The End of World War Three

Slowly but surely, I got halfway through a recent game of GDW’s The Third World War:  Battle for Germany to see things bog down into a stalemate by the beginning of turn 5.  NATO’s defense was sub-par due to its lack of depth and inability to cut through the Soviet breakthrough in the middle of the board.

The Soviets, on the other hand, were unable to follow up their early successes with further breakthroughs and by the time, they got within spitting distance of the Rhine, the front line had bogged down as a motley collection of heavily disrupted units were unable to make the final push.

In the early game, the Soviets had an overwhelming success by clearing NATO units in the center of the board and following up with successful second echelon attacks.  NATO air superiority in the subsequent turns managed to blunt the Warsaw Pact’s attacks as they reached further into Germany and began to push through a few lonely divisions into Belgium.

As the Soviet player, I kept to one or two tenets for my overall strategy.  The first and foremost was to keep moving and the second was to reinforce success.  While the Pact was stymied by strong NATO defenses in the north near Bremen and Hamburg and down south near Munich and Frankfurt, it did keep a lot of NATO units busy in these sectors while the other Pact units funnelled right through the middle.   As NATO reinforcements and POMCUS units came online, however, they were able to stem the flow of Pact reinforcements coming through the initial breakthroughs.  Both sides quickly found that they had committed all their frontline units and reserves into a slogging match that went nowhere fast.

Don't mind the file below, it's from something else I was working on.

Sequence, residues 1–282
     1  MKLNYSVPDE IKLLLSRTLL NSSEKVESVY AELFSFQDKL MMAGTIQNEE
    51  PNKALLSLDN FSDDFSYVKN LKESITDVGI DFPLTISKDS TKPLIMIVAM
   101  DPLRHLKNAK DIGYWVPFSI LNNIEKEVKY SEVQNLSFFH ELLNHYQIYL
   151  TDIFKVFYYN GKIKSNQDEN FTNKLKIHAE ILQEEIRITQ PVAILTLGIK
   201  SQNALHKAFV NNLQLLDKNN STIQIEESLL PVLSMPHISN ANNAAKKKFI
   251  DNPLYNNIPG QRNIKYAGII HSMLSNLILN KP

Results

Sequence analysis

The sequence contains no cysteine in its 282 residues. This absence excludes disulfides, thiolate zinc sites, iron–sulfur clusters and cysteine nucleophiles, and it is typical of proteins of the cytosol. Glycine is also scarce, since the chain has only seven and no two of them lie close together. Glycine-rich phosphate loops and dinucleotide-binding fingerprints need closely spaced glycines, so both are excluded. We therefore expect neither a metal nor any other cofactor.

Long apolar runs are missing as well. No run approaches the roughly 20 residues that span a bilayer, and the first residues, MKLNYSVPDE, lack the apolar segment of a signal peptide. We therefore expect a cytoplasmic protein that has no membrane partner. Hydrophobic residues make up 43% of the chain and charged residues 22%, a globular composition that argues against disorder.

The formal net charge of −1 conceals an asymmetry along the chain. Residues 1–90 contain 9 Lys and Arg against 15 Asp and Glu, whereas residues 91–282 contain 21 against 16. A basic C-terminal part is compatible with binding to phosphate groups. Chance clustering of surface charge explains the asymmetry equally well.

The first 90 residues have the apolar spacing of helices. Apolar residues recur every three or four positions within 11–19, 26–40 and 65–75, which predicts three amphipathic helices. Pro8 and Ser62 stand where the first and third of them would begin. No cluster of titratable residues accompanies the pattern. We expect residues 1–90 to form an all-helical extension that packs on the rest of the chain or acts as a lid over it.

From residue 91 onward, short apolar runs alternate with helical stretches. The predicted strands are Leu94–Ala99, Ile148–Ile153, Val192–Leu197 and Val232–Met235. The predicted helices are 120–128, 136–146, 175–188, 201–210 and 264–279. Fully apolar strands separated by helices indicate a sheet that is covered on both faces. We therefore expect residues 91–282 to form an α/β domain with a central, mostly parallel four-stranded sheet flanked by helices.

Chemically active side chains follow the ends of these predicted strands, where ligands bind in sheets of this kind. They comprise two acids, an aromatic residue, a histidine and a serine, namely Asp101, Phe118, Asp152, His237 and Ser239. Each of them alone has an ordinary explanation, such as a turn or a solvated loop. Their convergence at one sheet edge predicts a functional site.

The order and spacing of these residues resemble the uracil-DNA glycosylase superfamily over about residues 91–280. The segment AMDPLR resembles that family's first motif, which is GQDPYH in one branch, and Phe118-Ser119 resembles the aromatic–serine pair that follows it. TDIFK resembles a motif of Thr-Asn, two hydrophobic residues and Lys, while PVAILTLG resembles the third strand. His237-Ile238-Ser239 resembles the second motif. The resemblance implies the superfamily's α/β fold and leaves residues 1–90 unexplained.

Warsaw Pact penetration into West Germany.

Nuclear artillery was used by both sides but to little effect.  The Pact focused their nukes on hitting at stubborn NATO units sitting inside of cities and comfortably defending themselves against Category G units with low proficiencies.  In the meantime, NATO nuclear artillery was used to some degree of success for getting surrounded units out of isolation and back towards a more defensible line.  On turn 4, the escalation level allowed for nuclear attacks by air units, which NATO probably could have used to better effect than the Soviets given the situation on the board.  I suspect NATO might have been able to roll back some Soviet gains in the next couple of turns but not enough to make a huge difference.  The die had already been cast by mid-game and it seemed that neither side had the ability to push back against their opponents.

With most of the Ruhr occupied by Soviets at this point, I couldn’t imagine that either side would be happy with the way things turned out.  For the next game, I would need the Soviets to keep their second echelons well back during each first echelon attack phase instead of committing them all wholesale and hoping for the best.  NATO, on the other hand, would need to use their heavy divisions in a more intelligent way.  It doesn’t pay to use them in rough wooded terrain where their attack factors are halved.